network generating mu rhythm, many interpretations of ERD are possible. It may

actually signal the scrambling of a highly efficient generator of motor pulses, in favor

of a desynchronized network that requires greater energy input to do the same job.


The 12–15 c/s range spans the transition between mu and beta rhythms, and most

often is ignored, being considered neither one nor the other but a fuzzy mix of both.

Some studies, however, indicate otherwise; that it is, in fact, a functionally important

rhythm in its own right. It has even been called the “sensorimotor rhythm.”56 Roth

et al. related this oscillatory frequency in sensorimotor cortex strictly to the development of inhibitory behavior, e.g., when a cat suppressed bar-pressing, or expressly

delayed a response.56 Similarly, in cats operantly trained to enhance 12–14 c/s

sensorimotor cortical activity, the occurence of this rhythm was associated with

Copyright © 2005 CRC Press LLC

Power (arbitrary units)

before mvt

during mvt



Frequency (Hz)



FIGURE 7.7 Preparatory 14-Hz rhythm in the monkey motor cortex. Mean LFP power

spectrum for 40 trials, computed for the 1 s period prior to an arm movement (black line),

and the 0.5-sec period following onset of the pointing movement (gray line). The LFP was

recorded in a task-related zone of the arm representation in the motor cortex. (Unpublished

data of S. Roux, W. MacKay, and A. Riehle.58)

behavioral immobility, a depression of somatic motor activity and a general shift

toward parasympathetic activity (including a drop in heart rate).57

When a cat is in a position of expectancy, waiting for an unseen mouse to appear

at a hole, a rhythm of 14 Hz is observed in the forelimb zone of S1.19 This is a state

of attentive immobility. There are similar oscillations in ventrobasal (VP) thalamus,

but the rhythmic cells are not sensory relay cells, and the relay cells do not oscillate.

There was strong coherence between thalamic and S1 oscillations at a peak frequency

of about 16–17 Hz.19

Furthermore, in the monkey motor cortex, we have observed a 14-Hz oscillation

during a preparatory period (initiated by pushing a button), that ceased at the time

of the response signal to move.58 The difference in the LFP frequency spectrum

before and after movement onset is shown in Figure 7.7. The monkey was trained

to recognize a specific time interval of waiting, during which the prepared response

was actively suppressed. Therefore, this sensorimotor rhythm does fit the description

of active inhibitory behavior. Note that many neurons in motor and premotor cortex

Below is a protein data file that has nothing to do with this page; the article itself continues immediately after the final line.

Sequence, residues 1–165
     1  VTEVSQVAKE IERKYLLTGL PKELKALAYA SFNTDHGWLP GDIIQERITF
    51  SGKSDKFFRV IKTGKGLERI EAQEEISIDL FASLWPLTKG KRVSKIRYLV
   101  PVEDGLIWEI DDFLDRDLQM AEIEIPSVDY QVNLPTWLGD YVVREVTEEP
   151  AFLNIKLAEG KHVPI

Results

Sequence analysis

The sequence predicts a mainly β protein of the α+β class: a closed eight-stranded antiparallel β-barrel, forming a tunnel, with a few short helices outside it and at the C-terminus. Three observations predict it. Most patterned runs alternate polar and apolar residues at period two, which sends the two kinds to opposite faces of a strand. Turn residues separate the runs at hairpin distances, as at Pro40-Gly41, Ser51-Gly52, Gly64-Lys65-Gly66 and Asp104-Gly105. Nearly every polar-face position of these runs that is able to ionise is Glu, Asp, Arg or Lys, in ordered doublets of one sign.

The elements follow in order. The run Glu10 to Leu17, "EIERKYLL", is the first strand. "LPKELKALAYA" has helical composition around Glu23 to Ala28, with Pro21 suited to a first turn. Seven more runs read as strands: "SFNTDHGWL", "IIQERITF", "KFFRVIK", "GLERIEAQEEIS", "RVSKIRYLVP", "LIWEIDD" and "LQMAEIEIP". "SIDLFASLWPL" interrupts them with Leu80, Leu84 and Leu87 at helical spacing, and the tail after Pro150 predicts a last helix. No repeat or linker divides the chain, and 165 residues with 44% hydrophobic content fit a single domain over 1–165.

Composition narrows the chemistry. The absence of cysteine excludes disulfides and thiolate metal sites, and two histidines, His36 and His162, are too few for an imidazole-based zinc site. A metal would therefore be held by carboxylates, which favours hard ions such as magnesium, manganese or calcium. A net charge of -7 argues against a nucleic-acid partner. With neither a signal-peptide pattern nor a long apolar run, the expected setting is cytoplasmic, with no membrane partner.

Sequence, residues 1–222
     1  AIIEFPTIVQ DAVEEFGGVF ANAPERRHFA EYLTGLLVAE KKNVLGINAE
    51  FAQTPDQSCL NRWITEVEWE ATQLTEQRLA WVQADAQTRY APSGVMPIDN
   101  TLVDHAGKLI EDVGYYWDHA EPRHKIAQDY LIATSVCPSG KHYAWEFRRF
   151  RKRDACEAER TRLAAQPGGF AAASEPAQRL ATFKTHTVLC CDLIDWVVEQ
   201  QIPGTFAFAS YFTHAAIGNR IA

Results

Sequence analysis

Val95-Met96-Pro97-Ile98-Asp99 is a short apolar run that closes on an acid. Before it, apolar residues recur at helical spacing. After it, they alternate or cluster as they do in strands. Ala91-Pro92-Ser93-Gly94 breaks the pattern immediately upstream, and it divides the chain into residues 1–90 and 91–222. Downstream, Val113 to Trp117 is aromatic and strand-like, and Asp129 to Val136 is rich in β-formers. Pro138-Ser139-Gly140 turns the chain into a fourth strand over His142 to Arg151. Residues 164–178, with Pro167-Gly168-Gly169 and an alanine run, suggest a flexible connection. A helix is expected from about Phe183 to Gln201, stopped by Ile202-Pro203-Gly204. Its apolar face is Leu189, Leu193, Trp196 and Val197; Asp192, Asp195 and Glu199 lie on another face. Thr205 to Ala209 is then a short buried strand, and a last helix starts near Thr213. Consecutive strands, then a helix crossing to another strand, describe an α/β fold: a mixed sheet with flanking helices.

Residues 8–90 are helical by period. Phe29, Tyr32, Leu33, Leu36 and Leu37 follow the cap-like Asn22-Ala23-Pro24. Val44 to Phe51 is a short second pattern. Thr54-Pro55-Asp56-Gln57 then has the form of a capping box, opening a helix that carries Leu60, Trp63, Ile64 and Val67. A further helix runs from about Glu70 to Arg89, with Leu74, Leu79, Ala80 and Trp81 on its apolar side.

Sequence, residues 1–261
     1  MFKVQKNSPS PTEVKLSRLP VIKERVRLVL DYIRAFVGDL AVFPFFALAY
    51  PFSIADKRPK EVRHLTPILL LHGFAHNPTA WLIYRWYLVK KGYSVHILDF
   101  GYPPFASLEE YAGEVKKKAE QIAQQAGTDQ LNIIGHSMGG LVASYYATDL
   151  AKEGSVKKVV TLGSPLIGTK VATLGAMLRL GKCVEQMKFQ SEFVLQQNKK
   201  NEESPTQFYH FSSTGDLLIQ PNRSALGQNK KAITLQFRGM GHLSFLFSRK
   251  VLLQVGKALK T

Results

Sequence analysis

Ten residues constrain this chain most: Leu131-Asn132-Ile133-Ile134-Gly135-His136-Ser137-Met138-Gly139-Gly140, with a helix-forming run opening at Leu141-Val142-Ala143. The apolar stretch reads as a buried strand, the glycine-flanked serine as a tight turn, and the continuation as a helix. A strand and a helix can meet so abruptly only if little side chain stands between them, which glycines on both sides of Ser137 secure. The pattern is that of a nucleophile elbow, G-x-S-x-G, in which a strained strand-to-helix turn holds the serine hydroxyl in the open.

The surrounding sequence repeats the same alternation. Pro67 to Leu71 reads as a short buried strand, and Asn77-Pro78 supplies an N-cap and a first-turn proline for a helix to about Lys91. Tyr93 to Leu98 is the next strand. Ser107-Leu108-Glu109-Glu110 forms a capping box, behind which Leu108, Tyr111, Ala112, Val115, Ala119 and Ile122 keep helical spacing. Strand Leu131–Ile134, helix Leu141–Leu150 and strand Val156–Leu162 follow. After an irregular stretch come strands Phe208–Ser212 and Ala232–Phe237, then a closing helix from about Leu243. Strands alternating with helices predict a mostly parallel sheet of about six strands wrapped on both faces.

display “preparatory” activity with a time course that parallels this 14-Hz oscillation.59 It remains to be determined, however, to what degree preparatory unitary

discharge tends to be synchronized to the ongoing sigma rhythm.

A similar 15-Hz oscillation was seen in the prefrontal cortex in monkeys waiting

for a visual stimulus.60 Trials were initiated by depressing a lever, which is similar

to the previous study; but the importance of this detail is unknown. In the prestimulus

period and lasting to about 90 msec after a visual response signal, 15-Hz oscillations

appeared at three prefrontal sites and were coherent among these sites, but not with

any other sites (in motor cortex or the temporal lobe). Within this preparatory

network, 15-Hz power and coherence were highly correlated to the amplitude and

latency of early visual evoked potential components in visual association areas, and

to response time.60

Copyright © 2005 CRC Press LLC

Human EEG also shows an increase in the 12–17 Hz range during the preparatory

period of a reaction time task (i.e., between the instruction and “go” cues).61 The

increase in sigma activity is more prominent over the motor cortex than the somatosensory cortex.61 Sigma oscillations are not restricted to the cortex. Courtemanche,

Fujii, and Graybiel have reported LFP oscillations in the striatum of monkeys, with

a frequency centered around 14–15 Hz.62 These oscillations were highly synchronous

across large regions of the striatum. Whether these oscillations are synchronous with

cortical oscillations is an open question, but cortical entrainment of the basal ganglia

could provide a mechanism for the active suppression of movement. The broad,

background synchrony is modulated in local striatal foci involved with a specific

movement. In the oculomotor zone, for example, small foci pop in and out of

synchrony as saccades are made.62

The frequency range of sigma rhythm is significant in another respect. Grosse

and Brown observed a 14-Hz component in the EMG of proximal arm muscles,

such as deltoid and biceps, only during an acoustic startle reflex, not during similar

voluntary movements.63 This component was weak in a distal muscle such as first

dorsal interosseous, and is not a peak in corticomuscular coherence. Grosse and